Basic awareness and consideration
Children can’t be expected to be aware of the needs of others, so I would guide my child by preventing her from climbing up playground slides or remaining at the bottom for more than a moment, cutting lines, or otherwise blocking equipment when other children are waiting to use it. (If my child had that equipment to herself, then all those behaviors would be fine, of course.) I also would not allow my child to use a piece of public equipment for more than a few minutes if others were waiting for it. Young children tend to get focused in their own time and space, so I’d be there (in my chill buddy-guard mode) to non-judgmentally ensure courtesy as well as safety. “This boy wants to use the slide now. Can you move away yourself? Here, I’m going to help you move out of his way, so he doesn’t bump into you when he slides down.”
Restaurants, stores, etc.
Call me strict, but for both courtesy and safety reasons, I don’t believe in allowing kids to do anything remotely disturbing in public places, which includes being loud or noisy, running around, taking items off of shelves, etc. The way I see it, we owe it to our children to protect their dignity in these situations. If they can’t manage to be there, it’s time to take them home and reconsider the appropriateness (or at least the timing) of bringing them again.
Don’t expect words to be enough
Children are often able to follow our verbal requests and directions, but I would always be ready to follow through promptly with gentle physical assistance. Social situations tend to be highly stimulating and distracting, and even children who know the rules quite well can need our help in following them.
Works like magic
In Another Parenting Magic Word, I share how preparing our children ahead of time for situations and experiences encourages them to feel included, empowers, builds confidence and a sense of security, eases fear, helps them accept and even look forward to new, challenging, uncomfortable or seemingly unpleasant situations and transitions and more — all of which pave the way for cooperation and success. Respectfully explaining “house rules” would be a key aspect of that preparation, and I would do so in a we’re-all-in-this-together manner (rather than laying down the law). “Grandma is sensitive to loud noises, so if you feel like yelling when we’re at her house, please let me know and we can go outside.”
Or, perhaps, we help our toddler, who is experiencing typical, age-appropriate possessiveness, to choose a few toys that he might possibly be okay with sharing with the cousin that will be visiting later that day. This can raise the odds of a more successful, peaceful playdate, though with toddlers there’s never a guarantee.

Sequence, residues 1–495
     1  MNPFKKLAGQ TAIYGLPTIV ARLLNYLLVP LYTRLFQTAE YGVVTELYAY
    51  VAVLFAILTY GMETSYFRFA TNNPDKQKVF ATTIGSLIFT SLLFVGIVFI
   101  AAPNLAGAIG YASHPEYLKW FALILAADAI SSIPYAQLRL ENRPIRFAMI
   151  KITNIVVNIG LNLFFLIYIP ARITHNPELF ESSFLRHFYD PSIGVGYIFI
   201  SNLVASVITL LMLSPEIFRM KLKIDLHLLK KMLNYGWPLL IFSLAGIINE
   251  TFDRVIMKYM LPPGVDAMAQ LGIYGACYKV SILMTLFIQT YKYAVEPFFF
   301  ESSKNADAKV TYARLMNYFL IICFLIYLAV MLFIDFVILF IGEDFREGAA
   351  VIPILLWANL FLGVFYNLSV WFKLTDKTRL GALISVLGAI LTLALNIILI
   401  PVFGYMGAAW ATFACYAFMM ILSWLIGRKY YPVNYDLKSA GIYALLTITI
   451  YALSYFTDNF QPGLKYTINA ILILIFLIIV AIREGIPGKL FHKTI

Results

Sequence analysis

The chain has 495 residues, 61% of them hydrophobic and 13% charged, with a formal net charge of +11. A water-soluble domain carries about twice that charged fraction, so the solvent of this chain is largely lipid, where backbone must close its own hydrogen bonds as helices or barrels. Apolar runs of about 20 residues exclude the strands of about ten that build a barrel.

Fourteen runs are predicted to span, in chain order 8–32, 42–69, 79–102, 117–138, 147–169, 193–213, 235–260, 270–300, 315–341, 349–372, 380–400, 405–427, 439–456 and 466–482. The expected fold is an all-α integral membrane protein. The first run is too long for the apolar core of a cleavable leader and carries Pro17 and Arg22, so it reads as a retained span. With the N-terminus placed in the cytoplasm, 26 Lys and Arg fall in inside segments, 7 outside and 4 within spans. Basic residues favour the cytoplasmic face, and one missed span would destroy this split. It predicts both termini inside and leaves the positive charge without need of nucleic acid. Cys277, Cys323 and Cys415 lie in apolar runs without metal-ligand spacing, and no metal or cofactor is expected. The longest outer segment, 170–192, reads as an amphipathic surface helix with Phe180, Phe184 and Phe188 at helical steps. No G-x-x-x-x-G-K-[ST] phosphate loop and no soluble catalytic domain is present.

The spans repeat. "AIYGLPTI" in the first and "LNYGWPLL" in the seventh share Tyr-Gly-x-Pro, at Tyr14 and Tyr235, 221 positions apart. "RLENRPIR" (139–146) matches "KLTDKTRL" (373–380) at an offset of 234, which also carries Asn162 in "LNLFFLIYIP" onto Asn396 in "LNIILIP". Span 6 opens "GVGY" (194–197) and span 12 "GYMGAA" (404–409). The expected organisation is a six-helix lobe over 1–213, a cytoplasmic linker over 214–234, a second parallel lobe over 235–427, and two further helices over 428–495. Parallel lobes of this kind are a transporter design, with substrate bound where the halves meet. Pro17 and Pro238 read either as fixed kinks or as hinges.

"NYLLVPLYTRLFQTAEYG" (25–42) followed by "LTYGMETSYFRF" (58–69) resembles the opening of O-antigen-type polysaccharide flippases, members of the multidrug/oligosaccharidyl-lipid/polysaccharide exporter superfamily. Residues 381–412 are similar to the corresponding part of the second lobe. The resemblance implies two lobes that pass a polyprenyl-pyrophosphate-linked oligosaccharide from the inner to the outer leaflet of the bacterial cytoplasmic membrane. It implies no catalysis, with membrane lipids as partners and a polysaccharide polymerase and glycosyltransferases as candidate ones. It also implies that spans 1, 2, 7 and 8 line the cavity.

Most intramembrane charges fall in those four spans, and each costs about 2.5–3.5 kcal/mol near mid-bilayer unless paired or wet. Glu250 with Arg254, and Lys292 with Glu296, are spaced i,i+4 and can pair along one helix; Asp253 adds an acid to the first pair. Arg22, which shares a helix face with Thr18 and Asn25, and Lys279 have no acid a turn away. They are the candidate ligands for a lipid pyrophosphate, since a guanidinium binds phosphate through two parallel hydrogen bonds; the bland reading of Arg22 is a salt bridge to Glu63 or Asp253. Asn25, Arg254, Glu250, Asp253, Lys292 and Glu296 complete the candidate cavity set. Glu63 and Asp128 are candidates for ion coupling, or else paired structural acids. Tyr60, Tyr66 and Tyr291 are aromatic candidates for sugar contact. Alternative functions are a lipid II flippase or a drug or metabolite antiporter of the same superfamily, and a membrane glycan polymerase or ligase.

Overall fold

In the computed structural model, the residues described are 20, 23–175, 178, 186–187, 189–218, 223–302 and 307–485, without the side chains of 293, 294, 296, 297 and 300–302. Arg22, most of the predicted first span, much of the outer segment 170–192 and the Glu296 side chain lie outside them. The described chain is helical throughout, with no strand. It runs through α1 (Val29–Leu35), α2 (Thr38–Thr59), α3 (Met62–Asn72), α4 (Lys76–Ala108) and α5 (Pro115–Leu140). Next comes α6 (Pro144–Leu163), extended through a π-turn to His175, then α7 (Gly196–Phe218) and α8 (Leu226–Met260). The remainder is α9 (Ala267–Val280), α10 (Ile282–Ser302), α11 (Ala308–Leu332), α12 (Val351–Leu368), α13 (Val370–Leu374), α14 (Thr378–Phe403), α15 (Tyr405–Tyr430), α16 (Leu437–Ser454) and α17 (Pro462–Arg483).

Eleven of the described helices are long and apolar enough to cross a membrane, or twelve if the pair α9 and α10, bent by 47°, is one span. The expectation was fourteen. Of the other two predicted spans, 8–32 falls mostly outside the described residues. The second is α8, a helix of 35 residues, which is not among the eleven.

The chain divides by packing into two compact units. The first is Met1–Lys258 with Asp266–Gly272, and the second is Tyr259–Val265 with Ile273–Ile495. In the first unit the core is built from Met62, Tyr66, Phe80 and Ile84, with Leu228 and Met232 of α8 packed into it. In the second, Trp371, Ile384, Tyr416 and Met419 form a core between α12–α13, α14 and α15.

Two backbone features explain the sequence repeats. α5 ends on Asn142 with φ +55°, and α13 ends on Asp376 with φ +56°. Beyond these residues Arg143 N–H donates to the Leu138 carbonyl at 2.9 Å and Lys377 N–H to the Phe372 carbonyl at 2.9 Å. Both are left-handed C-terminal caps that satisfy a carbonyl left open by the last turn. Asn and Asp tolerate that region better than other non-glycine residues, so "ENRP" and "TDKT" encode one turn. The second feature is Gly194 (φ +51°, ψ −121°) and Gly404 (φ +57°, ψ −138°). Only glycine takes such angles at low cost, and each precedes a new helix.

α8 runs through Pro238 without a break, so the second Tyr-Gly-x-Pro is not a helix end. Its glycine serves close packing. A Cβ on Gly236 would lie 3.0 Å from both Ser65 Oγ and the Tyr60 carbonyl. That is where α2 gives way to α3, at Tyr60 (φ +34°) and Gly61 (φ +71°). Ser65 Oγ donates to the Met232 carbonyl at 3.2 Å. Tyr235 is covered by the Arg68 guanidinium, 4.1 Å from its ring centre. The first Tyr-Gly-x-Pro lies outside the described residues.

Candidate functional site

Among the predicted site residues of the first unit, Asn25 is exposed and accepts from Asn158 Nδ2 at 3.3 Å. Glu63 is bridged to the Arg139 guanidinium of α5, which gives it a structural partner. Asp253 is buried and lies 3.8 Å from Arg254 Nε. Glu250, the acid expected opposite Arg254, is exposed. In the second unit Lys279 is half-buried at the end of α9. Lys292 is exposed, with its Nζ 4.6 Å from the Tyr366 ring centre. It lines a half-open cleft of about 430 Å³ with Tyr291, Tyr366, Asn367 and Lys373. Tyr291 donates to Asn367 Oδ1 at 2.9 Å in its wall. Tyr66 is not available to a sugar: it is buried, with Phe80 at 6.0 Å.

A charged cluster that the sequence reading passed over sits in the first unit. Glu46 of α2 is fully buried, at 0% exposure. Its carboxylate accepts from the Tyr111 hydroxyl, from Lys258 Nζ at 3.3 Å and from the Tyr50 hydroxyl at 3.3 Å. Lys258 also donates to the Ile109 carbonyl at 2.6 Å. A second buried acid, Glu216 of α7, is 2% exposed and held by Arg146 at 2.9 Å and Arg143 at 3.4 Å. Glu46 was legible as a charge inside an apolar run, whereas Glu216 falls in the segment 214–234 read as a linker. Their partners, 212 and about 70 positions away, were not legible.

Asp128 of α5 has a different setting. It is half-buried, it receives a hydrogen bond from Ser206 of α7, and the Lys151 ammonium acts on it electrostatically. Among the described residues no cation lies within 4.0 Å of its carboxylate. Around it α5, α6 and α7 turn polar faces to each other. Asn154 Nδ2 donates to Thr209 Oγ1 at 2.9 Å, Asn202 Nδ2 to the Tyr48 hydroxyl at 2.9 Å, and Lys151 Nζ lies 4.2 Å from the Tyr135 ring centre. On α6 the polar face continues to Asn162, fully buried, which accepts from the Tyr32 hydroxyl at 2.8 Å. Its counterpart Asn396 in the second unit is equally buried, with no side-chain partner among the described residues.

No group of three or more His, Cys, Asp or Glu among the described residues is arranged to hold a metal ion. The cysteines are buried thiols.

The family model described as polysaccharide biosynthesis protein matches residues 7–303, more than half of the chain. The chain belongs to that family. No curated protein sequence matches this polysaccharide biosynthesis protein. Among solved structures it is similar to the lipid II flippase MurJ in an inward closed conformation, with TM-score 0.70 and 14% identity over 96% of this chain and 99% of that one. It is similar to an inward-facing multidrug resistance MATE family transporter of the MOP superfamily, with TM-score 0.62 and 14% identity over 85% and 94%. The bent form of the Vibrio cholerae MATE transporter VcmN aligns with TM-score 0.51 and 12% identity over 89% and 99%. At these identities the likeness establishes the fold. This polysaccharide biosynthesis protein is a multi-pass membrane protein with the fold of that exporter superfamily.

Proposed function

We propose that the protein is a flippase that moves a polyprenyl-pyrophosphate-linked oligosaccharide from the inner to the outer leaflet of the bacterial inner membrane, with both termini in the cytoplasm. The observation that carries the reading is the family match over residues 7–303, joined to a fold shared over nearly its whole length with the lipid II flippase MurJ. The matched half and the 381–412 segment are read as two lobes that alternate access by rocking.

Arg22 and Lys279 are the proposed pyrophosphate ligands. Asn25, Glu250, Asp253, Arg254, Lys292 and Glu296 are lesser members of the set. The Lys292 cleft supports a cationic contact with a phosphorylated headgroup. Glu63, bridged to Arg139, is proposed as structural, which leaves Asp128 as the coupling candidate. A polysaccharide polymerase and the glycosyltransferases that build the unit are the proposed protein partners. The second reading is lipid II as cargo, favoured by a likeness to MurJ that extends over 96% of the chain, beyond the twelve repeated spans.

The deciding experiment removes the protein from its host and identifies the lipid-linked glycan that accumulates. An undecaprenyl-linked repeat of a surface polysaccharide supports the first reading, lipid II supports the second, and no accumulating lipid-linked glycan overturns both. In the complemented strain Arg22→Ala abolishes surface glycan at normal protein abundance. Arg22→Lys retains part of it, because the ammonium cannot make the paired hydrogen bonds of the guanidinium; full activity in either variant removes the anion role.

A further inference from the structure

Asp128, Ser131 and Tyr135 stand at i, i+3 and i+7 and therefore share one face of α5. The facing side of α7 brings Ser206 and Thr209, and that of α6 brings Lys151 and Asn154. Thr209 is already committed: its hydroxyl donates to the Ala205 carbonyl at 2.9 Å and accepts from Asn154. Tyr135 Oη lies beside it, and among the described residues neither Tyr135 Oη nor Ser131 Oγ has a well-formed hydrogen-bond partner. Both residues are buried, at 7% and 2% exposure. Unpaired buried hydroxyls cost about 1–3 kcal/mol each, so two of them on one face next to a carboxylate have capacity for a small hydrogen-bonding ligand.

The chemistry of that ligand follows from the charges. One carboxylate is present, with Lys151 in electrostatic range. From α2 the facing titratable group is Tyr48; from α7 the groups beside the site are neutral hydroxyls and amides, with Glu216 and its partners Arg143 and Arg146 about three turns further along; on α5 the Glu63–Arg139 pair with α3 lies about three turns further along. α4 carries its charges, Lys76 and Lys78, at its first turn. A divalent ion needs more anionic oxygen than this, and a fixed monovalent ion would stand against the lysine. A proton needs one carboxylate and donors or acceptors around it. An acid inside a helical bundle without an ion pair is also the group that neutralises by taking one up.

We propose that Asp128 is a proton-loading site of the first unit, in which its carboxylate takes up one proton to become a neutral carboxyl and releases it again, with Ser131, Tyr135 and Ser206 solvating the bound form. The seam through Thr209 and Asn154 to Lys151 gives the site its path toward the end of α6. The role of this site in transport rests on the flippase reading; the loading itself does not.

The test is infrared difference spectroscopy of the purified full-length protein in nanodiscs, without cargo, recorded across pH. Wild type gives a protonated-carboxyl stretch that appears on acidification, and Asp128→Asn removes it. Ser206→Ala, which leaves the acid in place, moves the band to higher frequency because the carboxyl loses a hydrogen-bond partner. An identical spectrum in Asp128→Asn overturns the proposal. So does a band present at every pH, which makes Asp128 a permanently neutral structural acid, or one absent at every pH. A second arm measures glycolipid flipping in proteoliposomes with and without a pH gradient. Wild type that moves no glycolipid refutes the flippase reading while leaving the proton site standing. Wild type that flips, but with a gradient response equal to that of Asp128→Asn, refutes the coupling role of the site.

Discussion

The power in letting kids do it
Once we’ve set our basic limits, I believe in letting children do the rest. In other words, once I’ve prevented my child from taking a toy from a peer at the park (or if I was too late and she took it, helped her to give it back), then I wouldn’t suggest to the children that they take turns, or try to comfort my child by offering another toy to play with, etc., all of which would be imposing my own adult mending on the situation. Why not? From what I’ve noted in my 20 years of work with infants and toddlers, our solutions and directions completely underestimate our kids. I’ve seen children settle these situations in a myriad of ways or, just as easily, decide to just let go of them and move on, which I perceive as flexible and powerful.
Our interest in making it work for our kids tends to stem from our own discomfort and personal projections that do not reflect what our children are actually feeling or needing. Our interventions can unwittingly teach children that they need us to erase their disappointment and show them what to do next, but they learn so much more and build confidence when we acknowledge their feelings while resisting the temptation to fix things. And beyond ensuring their success by setting appropriate limits, what our kids need most from us is our basic trust in their social learning process. Healthy self-confidence and social intelligence will always go hand-in-hand.
I share more in my books Elevating Child Care: A Guide to Respectful Parenting and No Bad Kids: Toddler Discipline Without Shame
I also recommend Falling – A Lesson In Friendship Forgiveness, and Moving On by Lisa Sunbury, Regarding Baby